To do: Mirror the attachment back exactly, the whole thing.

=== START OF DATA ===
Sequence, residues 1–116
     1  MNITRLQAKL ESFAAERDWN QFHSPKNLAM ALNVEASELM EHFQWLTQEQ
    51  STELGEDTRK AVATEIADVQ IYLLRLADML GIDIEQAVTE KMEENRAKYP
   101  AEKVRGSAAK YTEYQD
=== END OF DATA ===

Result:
Sequence, residues 1–116
     1  MNITRLQAKL ESFAAERDWN QFHSPKNLAM ALNVEASELM EHFQWLTQEQ
    51  STELGEDTRK AVATEIADVQ IYLLRLADML GIDIEQAVTE KMEENRAKYP
   101  AEKVRGSAAK YTEYQD